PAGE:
Nebraska Issues First Federal Cyber-stalking Sentence

Security

The first ever person to be convicted of cyber-stalking in the District of Nebraska has been sentenced to federal prison.

Dennis Sryniawski, a 48-year-old resident of Bellevue, was charged with intent to extort and cyber-stalking his former girlfriend, Diane Parris, in an attempt to prevent her husband, Jeff Parris, from being elected to the Nebraska legislature. 

A jury convicted Sryniawski on only the cyber-stalking charge in June 2021, after a three-day jury trial. Evidence presented at trial showed that Sryniawski had used two different email accounts to send six emails on two different days to the legislature candidate.

One email was sent under Sryniawski’s name, but the others were delivered under names that the cyber-stalker had invented. 

“The initial email contained personal details about the candidate’s wife and accusations concerning the candidate’s stepdaughter, and a later email included explicit photos purportedly of each,” said the US Attorney’s Office for the District of Nebraska in a statement issued Thursday.

The explicit photographs of Diane Parris had been taken with her consent more than two decades ago, when she and Sryniawski were romantically involved. But Parris never consented to the images’ being shared.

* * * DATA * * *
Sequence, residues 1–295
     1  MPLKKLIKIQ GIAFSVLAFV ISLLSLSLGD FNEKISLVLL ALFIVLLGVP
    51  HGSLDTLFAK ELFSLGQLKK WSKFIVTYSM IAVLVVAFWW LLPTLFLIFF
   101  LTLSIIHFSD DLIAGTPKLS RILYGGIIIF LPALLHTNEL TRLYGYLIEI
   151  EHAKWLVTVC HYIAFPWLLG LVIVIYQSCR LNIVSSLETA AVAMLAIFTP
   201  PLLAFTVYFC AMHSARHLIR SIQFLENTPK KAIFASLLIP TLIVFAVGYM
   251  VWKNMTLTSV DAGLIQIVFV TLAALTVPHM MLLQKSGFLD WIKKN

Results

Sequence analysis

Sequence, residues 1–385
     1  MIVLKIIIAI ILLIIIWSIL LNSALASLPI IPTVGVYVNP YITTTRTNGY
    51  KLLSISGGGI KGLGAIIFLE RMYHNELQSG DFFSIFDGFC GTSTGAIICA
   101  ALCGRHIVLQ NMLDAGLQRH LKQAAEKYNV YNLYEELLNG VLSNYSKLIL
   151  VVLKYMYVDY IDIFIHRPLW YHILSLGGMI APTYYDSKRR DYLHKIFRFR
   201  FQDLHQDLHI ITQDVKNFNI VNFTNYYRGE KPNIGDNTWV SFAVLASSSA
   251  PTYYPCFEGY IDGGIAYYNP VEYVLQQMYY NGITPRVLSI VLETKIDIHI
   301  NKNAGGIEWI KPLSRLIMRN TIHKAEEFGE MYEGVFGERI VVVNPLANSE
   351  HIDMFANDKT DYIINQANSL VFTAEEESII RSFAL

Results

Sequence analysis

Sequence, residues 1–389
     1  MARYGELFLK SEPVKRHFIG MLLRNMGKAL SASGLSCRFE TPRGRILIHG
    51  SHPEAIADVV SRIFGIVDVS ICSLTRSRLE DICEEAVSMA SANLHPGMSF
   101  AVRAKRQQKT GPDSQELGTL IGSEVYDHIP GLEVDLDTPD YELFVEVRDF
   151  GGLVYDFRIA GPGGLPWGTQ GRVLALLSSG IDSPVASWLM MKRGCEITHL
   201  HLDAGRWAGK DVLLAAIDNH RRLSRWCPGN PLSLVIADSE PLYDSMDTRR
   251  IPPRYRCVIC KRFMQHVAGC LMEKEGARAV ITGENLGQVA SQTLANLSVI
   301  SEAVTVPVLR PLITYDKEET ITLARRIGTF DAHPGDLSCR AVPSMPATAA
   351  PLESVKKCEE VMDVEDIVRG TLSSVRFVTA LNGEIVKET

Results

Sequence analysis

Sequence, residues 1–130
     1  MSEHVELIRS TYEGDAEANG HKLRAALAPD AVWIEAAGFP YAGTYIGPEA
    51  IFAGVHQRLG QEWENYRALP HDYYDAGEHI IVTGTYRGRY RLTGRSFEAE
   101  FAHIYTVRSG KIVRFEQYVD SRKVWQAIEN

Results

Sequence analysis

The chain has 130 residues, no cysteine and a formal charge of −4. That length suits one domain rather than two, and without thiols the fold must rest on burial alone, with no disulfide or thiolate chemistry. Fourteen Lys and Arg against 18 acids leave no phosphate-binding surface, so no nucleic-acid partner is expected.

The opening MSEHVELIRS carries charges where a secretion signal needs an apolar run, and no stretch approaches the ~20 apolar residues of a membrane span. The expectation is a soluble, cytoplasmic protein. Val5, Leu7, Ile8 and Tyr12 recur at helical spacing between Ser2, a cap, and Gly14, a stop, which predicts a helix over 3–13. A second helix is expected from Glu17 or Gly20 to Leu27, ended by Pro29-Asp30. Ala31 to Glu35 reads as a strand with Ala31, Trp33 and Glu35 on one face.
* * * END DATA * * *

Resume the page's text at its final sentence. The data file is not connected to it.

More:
In the emails, Sryniawski threatened the candidate and told him to quit the electoral race. The victim was told that the personal details and explicit photos of his wife and stepdaughter would be released if he did not withdraw his candidacy.

Jeff Parris refused to comply with the demands; however, his bid to join the Nebraska legislature was ultimately unsuccessful. 

Sryniawski asked to receive probation for his crime, citing his voluntary work and prior military service. However, on October 21, United States District Judge Brian Buescher sentenced the cyber-stalker to twelve months and one day in prison, to be followed by three years of supervised release. 

The offender was also ordered to pay a fine of $10,000 out of a possible maximum of $250,000. 

“The egregious nature of that conduct, its effect on the victims, the need to deter others and the defendant’s lack of remorse overcome any mitigation and support a sentence within the advisory guidelines,” said US Attorney Jan Sharp.

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